Looking for a great way to celebrate Mother’s Day? Read a book together!
The books below are just some of the books identified by Search Institute that model behaviors that make families stronger: collaborating, encouraging and exploring.
After reading them, use the activities listed after each book to grow together as a family.
Brothers At Bat: The True Story of An Amazing All-Brother Baseball Team by Audrey Vernick; illustrated by Steven Salerno
The kindness and generosity of the Acerra family helped their twelve sons become the longest-playing all-brother baseball team in history.
This book shows collaborating: learning, growing and solving problems with your child.
Try this after reading:
Your family is like a team. Each person plays a different role and has different talents. To help your family recognize these, sit down as a group and have each person write or draw pictures of a strength they think each member of the family brings to your team. Talk as a family about the work you do to support one another, as well as skills you can teach one another.
Abuela by Arthur Dorros; illustrated by Elisa Kleven
Take flight with Rosalba and her grandmother as they soar in Rosalba’s imagination all over New York City, visiting family and seeing places with special meaning to Abuela.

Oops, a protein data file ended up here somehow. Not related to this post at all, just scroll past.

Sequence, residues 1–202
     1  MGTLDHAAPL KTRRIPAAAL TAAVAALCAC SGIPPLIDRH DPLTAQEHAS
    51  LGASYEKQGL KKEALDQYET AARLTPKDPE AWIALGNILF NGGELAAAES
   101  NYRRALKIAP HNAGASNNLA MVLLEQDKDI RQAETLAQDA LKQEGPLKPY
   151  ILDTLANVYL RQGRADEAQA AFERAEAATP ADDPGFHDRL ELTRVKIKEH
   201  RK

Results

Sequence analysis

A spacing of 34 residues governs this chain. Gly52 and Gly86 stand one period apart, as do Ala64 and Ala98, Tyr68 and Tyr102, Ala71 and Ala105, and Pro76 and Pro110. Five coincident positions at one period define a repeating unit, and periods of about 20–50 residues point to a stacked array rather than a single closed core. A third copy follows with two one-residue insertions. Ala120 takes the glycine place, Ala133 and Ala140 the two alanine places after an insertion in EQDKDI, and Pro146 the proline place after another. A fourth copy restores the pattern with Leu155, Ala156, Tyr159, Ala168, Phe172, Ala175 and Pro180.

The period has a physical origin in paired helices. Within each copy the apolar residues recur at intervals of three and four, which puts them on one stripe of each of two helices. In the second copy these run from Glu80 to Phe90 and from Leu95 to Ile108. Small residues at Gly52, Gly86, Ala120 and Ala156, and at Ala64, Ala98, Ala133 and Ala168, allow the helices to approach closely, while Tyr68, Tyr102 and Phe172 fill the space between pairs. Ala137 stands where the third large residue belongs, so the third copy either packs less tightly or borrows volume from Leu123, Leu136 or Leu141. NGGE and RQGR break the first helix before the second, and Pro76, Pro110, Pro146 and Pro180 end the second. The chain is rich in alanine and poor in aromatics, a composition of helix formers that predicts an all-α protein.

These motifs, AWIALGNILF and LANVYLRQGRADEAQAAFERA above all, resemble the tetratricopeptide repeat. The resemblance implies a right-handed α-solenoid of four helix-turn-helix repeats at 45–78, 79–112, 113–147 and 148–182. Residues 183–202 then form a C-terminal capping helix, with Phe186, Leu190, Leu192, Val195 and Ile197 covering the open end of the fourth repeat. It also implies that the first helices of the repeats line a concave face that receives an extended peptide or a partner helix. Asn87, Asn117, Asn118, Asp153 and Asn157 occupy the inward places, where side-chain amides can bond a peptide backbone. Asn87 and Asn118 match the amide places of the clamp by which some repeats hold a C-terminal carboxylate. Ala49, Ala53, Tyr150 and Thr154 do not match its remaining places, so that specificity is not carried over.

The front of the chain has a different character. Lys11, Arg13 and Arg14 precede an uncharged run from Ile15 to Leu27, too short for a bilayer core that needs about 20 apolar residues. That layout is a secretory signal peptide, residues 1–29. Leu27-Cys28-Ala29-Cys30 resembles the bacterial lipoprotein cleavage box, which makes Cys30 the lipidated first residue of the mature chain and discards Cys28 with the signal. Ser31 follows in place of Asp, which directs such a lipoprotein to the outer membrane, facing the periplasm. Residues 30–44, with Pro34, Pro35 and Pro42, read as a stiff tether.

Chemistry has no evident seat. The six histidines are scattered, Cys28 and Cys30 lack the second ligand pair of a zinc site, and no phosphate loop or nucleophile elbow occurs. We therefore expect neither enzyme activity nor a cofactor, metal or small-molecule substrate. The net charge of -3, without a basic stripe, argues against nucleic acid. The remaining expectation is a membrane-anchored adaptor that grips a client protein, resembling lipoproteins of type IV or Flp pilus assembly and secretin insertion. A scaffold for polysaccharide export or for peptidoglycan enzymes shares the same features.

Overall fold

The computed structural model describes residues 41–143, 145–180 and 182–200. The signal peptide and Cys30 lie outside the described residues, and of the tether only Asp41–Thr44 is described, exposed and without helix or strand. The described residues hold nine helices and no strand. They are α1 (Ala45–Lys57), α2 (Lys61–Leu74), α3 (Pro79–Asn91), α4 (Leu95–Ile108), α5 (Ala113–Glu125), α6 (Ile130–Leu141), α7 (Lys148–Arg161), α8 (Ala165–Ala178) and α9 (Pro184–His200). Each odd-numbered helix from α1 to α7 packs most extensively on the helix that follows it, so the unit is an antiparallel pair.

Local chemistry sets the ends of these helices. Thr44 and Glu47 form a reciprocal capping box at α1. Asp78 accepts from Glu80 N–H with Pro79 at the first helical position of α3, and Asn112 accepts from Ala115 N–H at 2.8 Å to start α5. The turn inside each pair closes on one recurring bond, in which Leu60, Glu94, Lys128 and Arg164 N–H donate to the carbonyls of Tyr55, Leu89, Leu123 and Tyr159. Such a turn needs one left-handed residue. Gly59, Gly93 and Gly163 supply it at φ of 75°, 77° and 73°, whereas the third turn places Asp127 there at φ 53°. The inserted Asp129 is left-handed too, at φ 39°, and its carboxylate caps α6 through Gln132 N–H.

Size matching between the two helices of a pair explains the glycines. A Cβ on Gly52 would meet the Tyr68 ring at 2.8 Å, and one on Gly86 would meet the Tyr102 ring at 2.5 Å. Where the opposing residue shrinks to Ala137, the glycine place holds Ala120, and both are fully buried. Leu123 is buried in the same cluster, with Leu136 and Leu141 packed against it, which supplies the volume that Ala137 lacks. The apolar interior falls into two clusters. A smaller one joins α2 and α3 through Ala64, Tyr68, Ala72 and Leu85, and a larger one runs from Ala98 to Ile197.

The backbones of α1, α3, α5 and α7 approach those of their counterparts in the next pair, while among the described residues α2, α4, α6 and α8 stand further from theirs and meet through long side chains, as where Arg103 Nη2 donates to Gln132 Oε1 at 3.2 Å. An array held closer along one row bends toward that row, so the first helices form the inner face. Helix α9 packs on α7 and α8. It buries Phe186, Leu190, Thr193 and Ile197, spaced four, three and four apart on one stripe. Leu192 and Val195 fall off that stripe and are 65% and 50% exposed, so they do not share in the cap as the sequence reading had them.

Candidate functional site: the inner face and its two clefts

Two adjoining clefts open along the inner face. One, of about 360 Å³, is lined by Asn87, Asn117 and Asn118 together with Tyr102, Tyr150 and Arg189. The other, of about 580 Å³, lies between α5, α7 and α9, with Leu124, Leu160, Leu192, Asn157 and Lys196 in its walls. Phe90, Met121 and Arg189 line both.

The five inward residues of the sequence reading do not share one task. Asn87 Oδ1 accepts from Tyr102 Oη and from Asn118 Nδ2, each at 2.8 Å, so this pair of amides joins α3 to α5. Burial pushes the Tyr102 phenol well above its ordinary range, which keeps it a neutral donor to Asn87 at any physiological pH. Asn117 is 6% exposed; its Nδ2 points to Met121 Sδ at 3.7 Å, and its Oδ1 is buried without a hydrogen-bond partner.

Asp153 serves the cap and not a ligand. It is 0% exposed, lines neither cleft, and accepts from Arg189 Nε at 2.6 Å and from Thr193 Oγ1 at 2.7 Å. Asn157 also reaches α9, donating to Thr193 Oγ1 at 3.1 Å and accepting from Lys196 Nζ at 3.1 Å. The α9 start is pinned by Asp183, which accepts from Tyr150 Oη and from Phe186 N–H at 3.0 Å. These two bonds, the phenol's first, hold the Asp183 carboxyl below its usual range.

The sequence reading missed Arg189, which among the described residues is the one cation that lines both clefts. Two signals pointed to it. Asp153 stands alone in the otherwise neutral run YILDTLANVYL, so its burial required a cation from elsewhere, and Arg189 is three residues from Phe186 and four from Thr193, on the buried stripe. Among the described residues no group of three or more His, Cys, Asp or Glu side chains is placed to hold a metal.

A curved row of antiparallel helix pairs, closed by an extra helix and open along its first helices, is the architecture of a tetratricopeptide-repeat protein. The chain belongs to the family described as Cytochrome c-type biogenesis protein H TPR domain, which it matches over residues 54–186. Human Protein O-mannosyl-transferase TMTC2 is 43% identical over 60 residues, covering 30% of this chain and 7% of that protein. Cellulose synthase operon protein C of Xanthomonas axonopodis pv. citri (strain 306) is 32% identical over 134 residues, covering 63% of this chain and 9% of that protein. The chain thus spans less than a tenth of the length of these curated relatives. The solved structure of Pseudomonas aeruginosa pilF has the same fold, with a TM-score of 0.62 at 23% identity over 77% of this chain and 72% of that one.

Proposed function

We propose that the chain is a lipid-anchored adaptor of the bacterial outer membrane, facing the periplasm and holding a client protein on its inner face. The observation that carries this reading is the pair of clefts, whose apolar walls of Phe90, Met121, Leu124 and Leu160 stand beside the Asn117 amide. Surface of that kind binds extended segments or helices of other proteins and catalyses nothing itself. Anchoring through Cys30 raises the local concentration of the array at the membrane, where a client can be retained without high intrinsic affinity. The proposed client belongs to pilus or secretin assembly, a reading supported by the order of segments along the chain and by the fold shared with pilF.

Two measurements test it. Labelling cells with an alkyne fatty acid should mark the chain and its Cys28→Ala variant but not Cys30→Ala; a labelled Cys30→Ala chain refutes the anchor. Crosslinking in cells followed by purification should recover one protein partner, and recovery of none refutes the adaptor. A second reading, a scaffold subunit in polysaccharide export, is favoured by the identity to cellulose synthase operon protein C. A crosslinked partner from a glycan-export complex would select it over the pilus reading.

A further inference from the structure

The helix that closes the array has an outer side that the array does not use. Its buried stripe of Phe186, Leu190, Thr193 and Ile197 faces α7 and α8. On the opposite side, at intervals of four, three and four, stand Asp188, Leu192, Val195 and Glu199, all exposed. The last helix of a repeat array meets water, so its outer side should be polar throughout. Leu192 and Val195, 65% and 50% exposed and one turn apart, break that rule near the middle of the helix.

This book shows exploring: exposing your child to new ideas, experiences and places.
Try this after reading:
Maps offer fun opportunities to talk about and discover places of importance to you.
Talk with your child about familiar locations, like the places where friends and family live and work, then draw a map together that includes those spots. Or, ask your child to invent a world they’d like to travel to, then draw a map of it and pretend you’re visiting that place together. What do you see, smell or hear? Talk with your child about this new world and the things that make it different from your own.
My Name is Yoon by Helen Recorvits; illustrated by Gabi Swiatkowska
Yoon feels unhappy after her family moves from Korea to the United States, until she gets encouragement at home and at school and learns to write her name in English.
This book shows encouraging: praising your child’s efforts and achievements.
Talk and ask questions as you read:
- Tell your child about a time you felt like you didn’t belong. ASK: Has that happened to you? What did you do? Did someone help you feel included?
- Yoon’s parents are proud of her when she sings to them in English. Remind your child about a time you were proud of him or her. ASK: What are you proud of?
Educators and program leaders serving children in need can find more books with tips and activities in the Build Strong Families with Stories section of the First Book Marketplace. Developed in partnership with Search Institute, through generous funding from Disney, each book comes with a FREE downloadable tipsheet with tips and discussion questions like the ones above.